BACKGROUND: Alcohol misuse is a common and well-documented source of morbidity and mortality. Brief primary care alcohol counseling has been shown to benefit patients with alcohol misuse.
OBJECTIVE: To describe alcohol-related discussions between primary care providers and patients who screened positive for alcohol misuse.
DESIGN: An exploratory, qualitative analysis of audiotaped primary care visits containing discussions of alcohol use.
PARTICIPANTS: Participants were 29 male outpatients at a Veterans Affairs (VA) General Internal Medicine Clinic who screened positive for alcohol misuse and their 14 primary care providers, all of whom were participating in a larger quality improvement trial.
MEASUREMENTS: Audiotaped visits with any alcohol-related discussion were transcribed and coded using grounded theory and conversation analysis, both qualitative research techniques.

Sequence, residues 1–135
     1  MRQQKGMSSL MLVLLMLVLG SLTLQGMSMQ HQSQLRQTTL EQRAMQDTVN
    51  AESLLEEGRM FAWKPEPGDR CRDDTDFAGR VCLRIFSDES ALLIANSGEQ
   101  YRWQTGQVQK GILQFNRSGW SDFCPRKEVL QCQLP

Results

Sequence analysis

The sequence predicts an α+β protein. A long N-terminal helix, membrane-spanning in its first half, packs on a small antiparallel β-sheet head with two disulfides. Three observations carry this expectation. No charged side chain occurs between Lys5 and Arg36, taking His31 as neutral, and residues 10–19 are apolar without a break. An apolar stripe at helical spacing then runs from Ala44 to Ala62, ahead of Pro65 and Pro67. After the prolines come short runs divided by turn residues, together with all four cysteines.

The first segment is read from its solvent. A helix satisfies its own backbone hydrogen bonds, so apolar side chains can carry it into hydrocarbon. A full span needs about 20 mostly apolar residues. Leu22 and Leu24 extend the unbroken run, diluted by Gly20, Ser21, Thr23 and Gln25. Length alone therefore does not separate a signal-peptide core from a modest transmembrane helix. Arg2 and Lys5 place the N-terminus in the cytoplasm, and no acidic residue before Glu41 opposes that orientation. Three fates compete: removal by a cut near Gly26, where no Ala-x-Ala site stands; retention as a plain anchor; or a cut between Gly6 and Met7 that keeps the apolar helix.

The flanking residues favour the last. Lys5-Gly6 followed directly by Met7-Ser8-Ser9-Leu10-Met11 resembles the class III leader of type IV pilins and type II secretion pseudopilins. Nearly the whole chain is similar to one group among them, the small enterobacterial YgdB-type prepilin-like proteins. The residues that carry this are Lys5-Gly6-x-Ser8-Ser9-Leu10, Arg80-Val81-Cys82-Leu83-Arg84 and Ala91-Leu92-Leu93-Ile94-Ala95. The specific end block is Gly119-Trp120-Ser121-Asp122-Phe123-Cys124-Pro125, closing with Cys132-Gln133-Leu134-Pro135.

RESULTS: Three themes were identified: (1) patients disclosed information regarding their alcohol use, but providers often did not explore these disclosures; (2) advice about alcohol use was typically vague and/or tentative in contrast to smoking-related advice, which was more common and usually more clear and firm; and (3) discomfort on the part of the provider was evident during alcohol-related discussions.
LIMITATIONS: Generalizability of findings from this single-site VA study is unknown.
CONCLUSION: Findings from this single site study suggest that provider discomfort and avoidance are important barriers to evidence-based brief alcohol counseling. Further investigation into current alcohol counseling practices is needed to determine whether these patterns extend to other primary care settings, and to inform future educational efforts.
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